[ISN] REVIEW: "Computing Calamities", Robert L. Glass

From: cult hero (jerichoat_private)
Date: Fri May 07 1999 - 16:11:59 PDT

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    Forwarded From: "Rob Slade" <rsladeat_private>
    BKCMPCLM.RVW   990320
    "Computing Calamities", Robert L. Glass, 1999, 0-13-082862-9,
    %A   Robert L. Glass
    %C   One Lake St., Upper Saddle River, NJ   07458
    %D   1999
    %G   0-13-082862-9
    %I   Prentice Hall
    %O   U$29.99/C$42.95 800-576-3800 201-236-7139 fax: 201-236-7131
    %P   302 p.
    %T   "Computing Calamities"
    Is this a book about computing failures?  I'm not very sure about that. 
    In the first place, is it a book?  Almost all of the content comes from
    previously published magazine articles.  (Actually, about all Glass seems
    to have written are some "in the next section we look at" bridges.) 
    Readable, as most magazine articles are, but long on quotes from
    interested parties, and short on hard facts or detailed analysis. 
    Computing?  While the companies noted in the stories deal with computers
    in one way or another, the shortcomings are generally those of management,
    and not technology. 
    Calamities?  Chapter one, for example, points out a major failure--but it
    is a failure of journalists and pundits.  Glass points out that the
    repeated assertion that most software projects fail is based on faulty
    data; or, rather, valid data from a study that was looking at something
    else.  Chapter two isn't about failures either, it's about turnarounds. 
    Interesting, possibly, but hardly dealing with disasters as such. 
    Chapter three is about failures, at least for the most part.  However, it
    will be very difficult to draw any lessons from the stories therein. 
    Some, in fact, deal with outright theft, rather than any shortcoming in
    either technology or business.  One article does spell the lessons out for
    us, in point form.  Even there, however, the text is not straightforward. 
    So the company leader is arrogant and has a lavish office?  When things
    are going well we are told that is how you succeed.  When times get tough,
    well, obviously (with 20/20 hindsight)  those were the seeds of your
    Chapter four looks at things in a slightly smaller scale: projects instead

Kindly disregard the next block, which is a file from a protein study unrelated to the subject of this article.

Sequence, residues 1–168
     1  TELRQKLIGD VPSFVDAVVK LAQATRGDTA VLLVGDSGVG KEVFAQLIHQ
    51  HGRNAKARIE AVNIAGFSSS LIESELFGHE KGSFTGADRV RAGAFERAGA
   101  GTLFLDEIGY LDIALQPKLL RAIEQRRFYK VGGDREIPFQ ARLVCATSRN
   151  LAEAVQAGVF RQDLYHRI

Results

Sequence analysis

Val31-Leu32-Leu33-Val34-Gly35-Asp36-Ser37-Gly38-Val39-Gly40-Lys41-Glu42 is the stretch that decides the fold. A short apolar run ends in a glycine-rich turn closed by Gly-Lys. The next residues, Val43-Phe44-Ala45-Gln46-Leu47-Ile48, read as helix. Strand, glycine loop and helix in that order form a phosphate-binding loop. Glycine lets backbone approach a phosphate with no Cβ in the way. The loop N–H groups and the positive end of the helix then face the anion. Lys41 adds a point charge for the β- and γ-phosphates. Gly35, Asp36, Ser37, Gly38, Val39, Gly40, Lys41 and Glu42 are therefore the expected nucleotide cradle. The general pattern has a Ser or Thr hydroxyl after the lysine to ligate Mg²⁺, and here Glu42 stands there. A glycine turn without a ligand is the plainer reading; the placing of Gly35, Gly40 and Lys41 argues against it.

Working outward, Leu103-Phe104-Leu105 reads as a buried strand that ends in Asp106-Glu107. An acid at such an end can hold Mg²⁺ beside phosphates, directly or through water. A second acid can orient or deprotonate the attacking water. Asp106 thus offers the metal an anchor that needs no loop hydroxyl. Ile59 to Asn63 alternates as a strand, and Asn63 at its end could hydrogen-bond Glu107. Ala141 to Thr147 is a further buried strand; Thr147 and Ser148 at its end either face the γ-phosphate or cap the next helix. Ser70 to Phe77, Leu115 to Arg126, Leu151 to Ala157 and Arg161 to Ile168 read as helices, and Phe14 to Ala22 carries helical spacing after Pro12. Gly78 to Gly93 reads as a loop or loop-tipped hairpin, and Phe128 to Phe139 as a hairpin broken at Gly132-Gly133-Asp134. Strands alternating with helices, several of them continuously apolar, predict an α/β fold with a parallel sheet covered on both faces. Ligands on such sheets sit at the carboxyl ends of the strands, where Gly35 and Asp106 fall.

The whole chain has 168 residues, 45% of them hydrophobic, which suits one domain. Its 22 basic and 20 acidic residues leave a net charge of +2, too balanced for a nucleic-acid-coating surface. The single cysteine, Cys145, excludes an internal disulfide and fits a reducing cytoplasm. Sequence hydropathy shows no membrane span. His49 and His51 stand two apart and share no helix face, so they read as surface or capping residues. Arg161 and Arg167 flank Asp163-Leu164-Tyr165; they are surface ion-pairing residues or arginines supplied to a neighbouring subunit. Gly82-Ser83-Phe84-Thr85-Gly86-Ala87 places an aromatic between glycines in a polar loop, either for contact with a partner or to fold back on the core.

of entire companies.  (On the other hand, some of these projects are
    bigger than some of the companies looked at elsewhere.)  Continuing in the
    same vein, though, morals are hard to draw from the story.  Some points
    are indisputable, but they tend to be the business equivalent of
    motherhood statements.  Be customer driven, don't let a project get away
    from you, hire the right people, know when to get out: these are all good
    pieces of advice, but not necessarily easy to accomplish. 
    Chapter five discusses some less commercial ventures, with equally
    ambiguous results. 
    In chapter six, Glass seems to contradict both the subtitle of the book
    ("Lessons learned from products, projects, and companies that failed") and
    some of the earlier material by stating that the compilation is intended
    as a kind of memorial to the dearly departed who are unlikely to leave
    behind any remains of their passing.  This literary "bait and switch"
    operation may be a little unfair on reviewers and unsuspecting potential
    readers in bookstores, but if that is the real intention then I suppose he
    has succeeded.  A book is slightly less ephemeral than the periodicals in
    which the material originally appeared, and the content makes easy bedtime
    reading for technical managers.  However, the likes of "Digital Woes" (cf. 
    BKDGTLWO.RVW) and "Computer Related Risks" (cf. BKCMRLRS.RVW) are in no
    danger from works of this calibre. 
    copyright Robert M. Slade, 1999 BKCMPCLM.RVW 990320
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